However, in 1963 the US administration decided to cut off their support for Diệm and secretly sent in CIA and OSS (Office of Strategic Services) to plan a coup against the president of South Vietnam. The Papers state how the coup was planned in co-operation with Vietnamese generals:
“For the military coup d’etat against Ngo Dinh Diem, the U.S. must accept its full share of responsibility. Beginning in August 1963 we variously authorized, sanctioned and encouraged the coup efforts of the Vietnamese generals and offered full support for a successor government.
“In October we cut off aid to Diem in a direct rebuff, giving a green light to the generals. We maintained clandestine contact with them throughout the planning and execution of the coup and sought to review their operational plans and proposed new government.
“As the nine-year rule of Diem came to a bloody end, our complicity in his overthrow heightened our responsibilities and our commitment in an essentially leaderless Vietnam.”
President Ngô Đình Diệm was assassinated during the coup and the country became essentially leaderless.
Plans to Provoke the North Vietnamese Government
The Pentagon Paper explain in detail how the CIA covertly stirred the political turmoil within South Vietnam and how it deliberately worked on worsening the relations with the country’s northern neighbor. The pinnacle of the provocations was the Tonkin incident on August 2, 1964, that allegedly involved a naval battle between North Vietnamese torpedo-boats and the USS Maddox, which was at that time conducting an intelligence-gathering operation.
One US ship was damaged, three North Vietnamese torpedo boats were allegedly damaged, and four North Vietnamese sailors were said to have been killed, with six more wounded. There were no U.S. casualties. The Maddox “was unscathed except for a single bullet hole from a Vietnamese machine gun round.”None of the casualties were officially confirmed.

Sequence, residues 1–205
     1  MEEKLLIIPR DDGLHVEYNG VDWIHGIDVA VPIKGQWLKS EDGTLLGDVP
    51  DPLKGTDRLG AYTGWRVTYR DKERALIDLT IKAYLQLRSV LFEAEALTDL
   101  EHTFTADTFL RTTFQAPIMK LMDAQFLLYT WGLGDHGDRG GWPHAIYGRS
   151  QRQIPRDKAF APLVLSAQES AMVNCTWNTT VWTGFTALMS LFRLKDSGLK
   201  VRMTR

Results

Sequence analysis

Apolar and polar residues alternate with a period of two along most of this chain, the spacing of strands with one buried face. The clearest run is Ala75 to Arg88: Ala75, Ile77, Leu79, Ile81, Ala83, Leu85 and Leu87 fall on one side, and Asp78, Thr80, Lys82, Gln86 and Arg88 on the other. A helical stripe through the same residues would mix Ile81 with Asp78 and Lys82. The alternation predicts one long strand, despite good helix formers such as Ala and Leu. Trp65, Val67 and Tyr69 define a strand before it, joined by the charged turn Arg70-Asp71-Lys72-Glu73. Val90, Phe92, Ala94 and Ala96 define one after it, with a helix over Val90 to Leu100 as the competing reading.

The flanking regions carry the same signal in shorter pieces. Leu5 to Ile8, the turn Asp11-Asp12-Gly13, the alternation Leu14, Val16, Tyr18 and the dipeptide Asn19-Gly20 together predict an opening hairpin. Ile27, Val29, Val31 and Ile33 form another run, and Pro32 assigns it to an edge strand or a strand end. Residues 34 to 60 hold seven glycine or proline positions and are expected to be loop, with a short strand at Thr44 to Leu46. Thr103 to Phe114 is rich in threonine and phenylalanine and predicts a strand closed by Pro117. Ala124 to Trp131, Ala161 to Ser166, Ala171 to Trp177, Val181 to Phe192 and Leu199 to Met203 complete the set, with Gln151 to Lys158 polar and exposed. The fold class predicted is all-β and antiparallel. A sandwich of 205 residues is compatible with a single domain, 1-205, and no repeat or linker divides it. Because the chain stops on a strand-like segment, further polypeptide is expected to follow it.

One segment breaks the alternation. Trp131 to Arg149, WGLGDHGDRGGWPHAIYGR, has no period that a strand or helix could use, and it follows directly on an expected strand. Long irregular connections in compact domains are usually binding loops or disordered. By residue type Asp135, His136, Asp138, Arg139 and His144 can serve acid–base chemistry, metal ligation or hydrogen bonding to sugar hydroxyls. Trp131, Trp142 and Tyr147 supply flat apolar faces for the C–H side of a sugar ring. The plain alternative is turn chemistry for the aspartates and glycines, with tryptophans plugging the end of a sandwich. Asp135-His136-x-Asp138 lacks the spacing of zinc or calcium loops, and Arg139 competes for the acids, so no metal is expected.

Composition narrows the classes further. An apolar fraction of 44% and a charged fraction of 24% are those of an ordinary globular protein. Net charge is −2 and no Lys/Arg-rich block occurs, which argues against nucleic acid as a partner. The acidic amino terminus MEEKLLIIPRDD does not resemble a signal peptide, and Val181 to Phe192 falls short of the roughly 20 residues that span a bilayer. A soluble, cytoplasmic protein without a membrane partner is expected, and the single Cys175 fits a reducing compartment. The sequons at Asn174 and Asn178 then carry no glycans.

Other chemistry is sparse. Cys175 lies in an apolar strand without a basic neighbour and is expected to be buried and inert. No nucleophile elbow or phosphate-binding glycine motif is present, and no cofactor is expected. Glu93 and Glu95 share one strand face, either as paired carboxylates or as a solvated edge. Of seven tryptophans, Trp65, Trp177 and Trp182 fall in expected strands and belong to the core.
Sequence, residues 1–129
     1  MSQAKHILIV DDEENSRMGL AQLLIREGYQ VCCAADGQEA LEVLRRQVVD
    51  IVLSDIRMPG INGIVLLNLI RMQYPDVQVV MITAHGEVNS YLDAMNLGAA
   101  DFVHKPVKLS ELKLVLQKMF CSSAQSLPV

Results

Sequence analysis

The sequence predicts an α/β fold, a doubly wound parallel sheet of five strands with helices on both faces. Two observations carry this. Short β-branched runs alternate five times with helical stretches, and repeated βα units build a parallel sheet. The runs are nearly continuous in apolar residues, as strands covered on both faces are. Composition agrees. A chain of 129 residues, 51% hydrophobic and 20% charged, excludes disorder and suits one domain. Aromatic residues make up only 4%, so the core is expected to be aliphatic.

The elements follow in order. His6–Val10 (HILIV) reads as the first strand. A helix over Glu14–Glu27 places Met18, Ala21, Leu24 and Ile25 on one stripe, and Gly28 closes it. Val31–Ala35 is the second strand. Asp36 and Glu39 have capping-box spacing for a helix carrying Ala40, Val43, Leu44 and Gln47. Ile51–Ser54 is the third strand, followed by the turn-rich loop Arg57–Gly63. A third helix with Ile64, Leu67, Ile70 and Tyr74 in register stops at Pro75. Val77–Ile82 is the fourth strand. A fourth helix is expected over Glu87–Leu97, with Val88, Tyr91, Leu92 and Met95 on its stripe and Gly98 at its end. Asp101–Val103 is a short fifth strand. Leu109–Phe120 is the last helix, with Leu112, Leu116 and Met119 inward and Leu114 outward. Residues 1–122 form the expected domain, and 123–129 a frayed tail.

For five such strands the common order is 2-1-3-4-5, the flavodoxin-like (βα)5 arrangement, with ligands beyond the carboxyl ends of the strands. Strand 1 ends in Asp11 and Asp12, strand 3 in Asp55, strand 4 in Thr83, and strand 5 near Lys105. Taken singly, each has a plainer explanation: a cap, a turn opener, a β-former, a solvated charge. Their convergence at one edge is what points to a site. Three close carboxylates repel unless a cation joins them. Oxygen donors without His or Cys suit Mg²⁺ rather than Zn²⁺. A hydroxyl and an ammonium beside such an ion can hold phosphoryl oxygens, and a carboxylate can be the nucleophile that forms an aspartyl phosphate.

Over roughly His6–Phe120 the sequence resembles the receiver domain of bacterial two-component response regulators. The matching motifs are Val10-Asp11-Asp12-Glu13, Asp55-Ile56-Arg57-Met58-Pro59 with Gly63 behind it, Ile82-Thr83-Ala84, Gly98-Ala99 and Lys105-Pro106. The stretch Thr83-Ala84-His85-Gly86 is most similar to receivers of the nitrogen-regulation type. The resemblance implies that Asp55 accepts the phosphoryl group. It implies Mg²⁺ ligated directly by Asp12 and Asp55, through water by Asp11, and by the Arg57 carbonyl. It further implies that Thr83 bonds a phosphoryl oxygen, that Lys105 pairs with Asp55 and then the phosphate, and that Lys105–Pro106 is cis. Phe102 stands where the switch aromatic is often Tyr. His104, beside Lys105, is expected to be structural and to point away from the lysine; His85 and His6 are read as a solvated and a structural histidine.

Two days later, on August 4, a second suspicious incident occurred, when the US claimed another naval battle was in effect, but the evidence showed that the incident was fabricated using false radar images. McNamara stated in 2003 that the first incident occurred without the response of the Defense Department and that the second one was completely false.
Daniel Ellsberg was well-acquainted with the existence of the Pentagon Papers as he was an associate of many members of the Task Force ordered to assemble the files. In 1971, Ellsberg gave 43 publications of the files to the New York Times reporter, Neil Sheehan. Even though the newspaper’s legal team strongly advised not go with the publishing, they decided to do so. The article titled “Vietnam Archive: Pentagon Study Traces Three Decades of Growing US Involvement” was published on June 13, 1971. Street protests, political controversy, and lawsuits followed. Daniel Ellsberg gave himself into the Boston Police Department stating:
“I felt that as an American citizen, as a responsible citizen, I could no longer cooperate in concealing this information from the American public. I did this clearly at my own jeopardy and I am prepared to answer to all the consequences of this decision.”
Under public pressure, all charges against Ellsberg were dropped. The Pentagon Papers were fully published in 2011.